Seed raising 101: Everything to know about raising plants from seeds


Raising plants from seed is a cost-effective way of planting out a garden. 

Words: Emma Rawson

Although it’s faster and easier to buy seedlings, growing from seed allows gardeners to grow more unusual vegetables and create backyard biodiversity.

For a seed to germinate and grow into a plant it needs:

1. Soil or a growing medium

Seed-raising mix is ideal; a light soil mix that includes pumice and nutrients that encourage seedling growth

2. Moisture

Water activates the biochemistry of the dormant seed embryo

3. Temperature

Plants germinate at a heat similar to its ideal soil temperature (see our crop growing tips on page 26), although a warmer temperature will speed up growth.

Keeping a plant at a consistently warm temperature (in a greenhouse or hot-water cupboard, for example) will fast-track germination.

SOAKING AND SCRATCHING

Some larger seeds or seeds with hard exteriors, such as beetroot, need to be soaked before planting to encourage the plant embryo to break free. These seeds are often from plants native to areas with cold winters; the tough exterior protects the seed against harsh temperatures.

To soak, submerge seed in cold water for 12-24 hours, any longer and it will rot. Seeds that might require soaking include beetroot, peas, beans and corn.

Some seeds such as pumpkin and squash like to be scratched or ‘scarified’ with a nail or emery board to mimic the action of an animal gnawing on seed. The outer seed case is a biological advantage to protect seed from herbivores.

LIGHT OR DARK

Most seeds prefer darkness to germinate – a hot-water cupboard is ideal. However, some seeds such as lettuce prefer light.

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HOW DEEP?

• As a general rule, plant a seed no deeper than twice its diameter
• Seeds planted too deeply will not reach the surface before their food reserves run out
• Fine seeds such as lettuce or celery only need to be scattered on the surface and gently pressed into the soil
• To avoid washing away seeds when watering, moisten the soil before planting, then continue to moisten daily. A water sprayer wets the soil without overwatering.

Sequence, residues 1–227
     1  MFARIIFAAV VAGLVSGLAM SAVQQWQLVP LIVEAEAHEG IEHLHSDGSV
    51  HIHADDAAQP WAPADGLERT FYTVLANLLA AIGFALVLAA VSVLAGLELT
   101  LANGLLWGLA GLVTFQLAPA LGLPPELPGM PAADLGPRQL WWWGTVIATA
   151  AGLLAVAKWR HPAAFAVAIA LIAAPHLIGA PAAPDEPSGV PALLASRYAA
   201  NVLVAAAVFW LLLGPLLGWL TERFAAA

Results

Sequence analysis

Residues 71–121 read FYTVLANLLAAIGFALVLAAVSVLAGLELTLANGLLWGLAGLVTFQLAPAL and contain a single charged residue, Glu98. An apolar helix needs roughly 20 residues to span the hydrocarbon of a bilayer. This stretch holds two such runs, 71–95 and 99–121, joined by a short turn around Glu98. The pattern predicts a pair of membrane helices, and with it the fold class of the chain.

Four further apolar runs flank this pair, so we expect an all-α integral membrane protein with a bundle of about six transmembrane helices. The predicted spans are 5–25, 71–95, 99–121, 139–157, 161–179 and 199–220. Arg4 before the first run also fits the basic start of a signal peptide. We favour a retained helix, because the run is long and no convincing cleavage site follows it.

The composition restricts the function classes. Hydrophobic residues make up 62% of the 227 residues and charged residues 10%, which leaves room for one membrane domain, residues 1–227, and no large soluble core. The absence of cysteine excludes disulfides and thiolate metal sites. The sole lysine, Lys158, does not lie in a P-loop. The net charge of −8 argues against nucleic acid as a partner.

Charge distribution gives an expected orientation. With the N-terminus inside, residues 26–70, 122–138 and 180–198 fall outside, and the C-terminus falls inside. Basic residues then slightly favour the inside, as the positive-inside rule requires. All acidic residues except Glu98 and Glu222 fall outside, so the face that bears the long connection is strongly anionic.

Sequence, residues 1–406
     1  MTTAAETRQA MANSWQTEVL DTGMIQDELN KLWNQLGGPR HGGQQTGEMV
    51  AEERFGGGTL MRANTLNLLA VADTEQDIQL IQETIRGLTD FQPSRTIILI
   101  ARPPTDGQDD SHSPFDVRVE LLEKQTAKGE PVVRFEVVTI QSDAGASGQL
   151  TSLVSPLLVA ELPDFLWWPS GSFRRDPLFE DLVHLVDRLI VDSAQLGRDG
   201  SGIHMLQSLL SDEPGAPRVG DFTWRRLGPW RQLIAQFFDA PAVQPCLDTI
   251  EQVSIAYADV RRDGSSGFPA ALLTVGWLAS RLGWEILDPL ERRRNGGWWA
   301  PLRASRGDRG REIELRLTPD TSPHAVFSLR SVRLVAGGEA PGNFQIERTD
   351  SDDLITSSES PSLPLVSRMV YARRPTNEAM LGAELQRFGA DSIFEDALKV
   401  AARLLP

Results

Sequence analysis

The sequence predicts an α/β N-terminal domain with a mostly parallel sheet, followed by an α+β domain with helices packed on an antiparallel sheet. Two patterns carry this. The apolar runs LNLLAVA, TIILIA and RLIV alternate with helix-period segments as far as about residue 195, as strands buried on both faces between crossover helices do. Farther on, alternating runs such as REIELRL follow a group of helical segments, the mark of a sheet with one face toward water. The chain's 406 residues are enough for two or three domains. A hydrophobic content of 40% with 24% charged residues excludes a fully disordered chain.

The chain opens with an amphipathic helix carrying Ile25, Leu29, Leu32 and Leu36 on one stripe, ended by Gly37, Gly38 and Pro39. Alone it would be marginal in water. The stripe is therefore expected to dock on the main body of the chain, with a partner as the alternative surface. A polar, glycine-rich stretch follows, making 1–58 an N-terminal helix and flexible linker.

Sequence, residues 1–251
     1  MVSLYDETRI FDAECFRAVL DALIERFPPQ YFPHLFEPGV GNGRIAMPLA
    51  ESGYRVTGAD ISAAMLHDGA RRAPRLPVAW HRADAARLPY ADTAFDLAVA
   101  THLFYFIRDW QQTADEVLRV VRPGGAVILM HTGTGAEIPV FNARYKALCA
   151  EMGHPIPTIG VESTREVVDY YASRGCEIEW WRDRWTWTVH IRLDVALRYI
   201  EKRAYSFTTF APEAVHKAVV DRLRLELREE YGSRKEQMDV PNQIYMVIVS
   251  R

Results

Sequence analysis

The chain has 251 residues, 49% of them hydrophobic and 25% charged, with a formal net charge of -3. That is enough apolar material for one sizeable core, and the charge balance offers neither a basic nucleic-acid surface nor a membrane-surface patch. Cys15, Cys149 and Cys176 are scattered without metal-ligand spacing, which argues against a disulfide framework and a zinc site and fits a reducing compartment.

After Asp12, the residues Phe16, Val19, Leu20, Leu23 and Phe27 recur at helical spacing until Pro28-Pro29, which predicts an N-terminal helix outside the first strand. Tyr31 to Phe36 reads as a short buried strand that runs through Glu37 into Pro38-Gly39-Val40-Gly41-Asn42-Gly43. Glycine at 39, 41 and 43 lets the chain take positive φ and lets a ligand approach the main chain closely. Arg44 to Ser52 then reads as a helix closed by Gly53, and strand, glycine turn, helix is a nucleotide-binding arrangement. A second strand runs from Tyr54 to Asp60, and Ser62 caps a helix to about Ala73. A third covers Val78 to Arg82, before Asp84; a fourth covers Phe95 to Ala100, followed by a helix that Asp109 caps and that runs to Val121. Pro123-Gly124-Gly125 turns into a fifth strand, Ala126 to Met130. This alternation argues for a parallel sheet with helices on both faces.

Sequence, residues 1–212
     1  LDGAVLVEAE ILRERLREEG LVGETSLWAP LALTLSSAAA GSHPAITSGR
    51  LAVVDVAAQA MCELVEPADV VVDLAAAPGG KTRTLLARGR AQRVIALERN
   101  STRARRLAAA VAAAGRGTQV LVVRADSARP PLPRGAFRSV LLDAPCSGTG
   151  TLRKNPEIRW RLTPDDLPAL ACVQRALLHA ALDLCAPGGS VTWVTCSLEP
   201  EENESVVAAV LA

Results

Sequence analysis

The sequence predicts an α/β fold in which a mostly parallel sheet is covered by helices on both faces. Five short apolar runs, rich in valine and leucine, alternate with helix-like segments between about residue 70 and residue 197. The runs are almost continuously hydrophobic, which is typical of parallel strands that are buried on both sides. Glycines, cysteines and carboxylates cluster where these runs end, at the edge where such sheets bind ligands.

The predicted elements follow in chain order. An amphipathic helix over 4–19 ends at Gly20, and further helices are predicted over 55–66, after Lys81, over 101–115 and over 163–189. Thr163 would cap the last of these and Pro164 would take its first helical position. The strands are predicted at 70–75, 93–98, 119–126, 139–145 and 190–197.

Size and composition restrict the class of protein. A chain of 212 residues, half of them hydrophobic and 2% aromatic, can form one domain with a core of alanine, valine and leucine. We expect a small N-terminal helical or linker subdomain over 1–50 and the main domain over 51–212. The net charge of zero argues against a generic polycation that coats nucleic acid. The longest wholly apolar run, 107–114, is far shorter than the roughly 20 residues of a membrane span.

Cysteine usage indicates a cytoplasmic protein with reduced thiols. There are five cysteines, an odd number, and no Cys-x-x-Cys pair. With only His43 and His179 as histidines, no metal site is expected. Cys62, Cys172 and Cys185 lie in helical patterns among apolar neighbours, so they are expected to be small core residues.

• Check seed packets for germination time, and when seedlings start to emerge, move them to a spot with natural light.

Tip: If you don’t have room for a greenhouse, try a windowsill seed propagator.

THINNING IS WINNING

It’s time to be ruthless. When seeds have germinated, thin them out to prevent overcrowding. Pull out weaker seedlings to let larger ones thrive.

Move seedlings to a bigger pot when the first true leaf emerges.

HOW TO PREVENT SHOCK

• Gradually acclimatise a plant to the outdoors. Move it from a windowsill to a spot under a cloche before exposing it to the elements.
• Be careful not to damage root systems when removing a seedling from its tray. Seaweed extract will stimulate root growth.
• Planting seedlings in biodegradable peat pots helps avoid root damage. They can be costly, so try making your own. (See seed pots, opposite.)

MOVE IT, MOVE IT

Plants don’t like being relocated. They can suffer what’s called transplant shock.

When moving a seedling from a container to the ground or by changing its growing temperature from a warm windowsill to the cold outdoors, plants may show signs of shock, including wilted, curling or yellow-scorched leaves.

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HEIRLOOM vs HYBRID SEEDS

Heirloom or heritage seeds are varieties that have been saved for generations. Some say heritage seed must be a cultivar older than 100 years, but others use pre-1951 as a starting point.

This date coincides with the introduction of industrialised farming and mainstream hybridisation of plants. Heirloom seeds are open-pollinated by nature (wind and bees); they have greater genetic variation than hybrids and are often more nutritionally rich due to environmental adaptations, and tend to be less productive than hybrids.

Hybridisation was pioneered by the scientist-monk Gregor Mendel in the 1860s and his laws of recessive and dominant inheritance are the basis of modern genetics.

An F1 Hybrid is a plant created by cross-pollinating two different parent plants to select desirable genetic traits. F1 stands for Filial 1, which means ‘first children’. Don’t try saving seeds from F1 hybrids as they may not produce true to form in the second generation.

LEAF LINGO

A true leaf is the first proper foliage leaf of a plant following the embryonic seed leaf or cotyledon.

When a seedling sprouts, the first leaves to emerge are the cotyledon, which often looks like a four-leaf clover. The next leaf to emerge will look quite different; this is the first true leaf.


This article appeared in In Your Backyard: Urban Harvest, a special edition of NZ Life & Leisure about growing food in small city spaces. Packed with advice such as how to start a productive veggie garden, the best crops, creating awesome soil, vertical growing, container gardening, hydroponics, espaliered trees and edible hedges.

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The latest In Your Backyard edition is available here.

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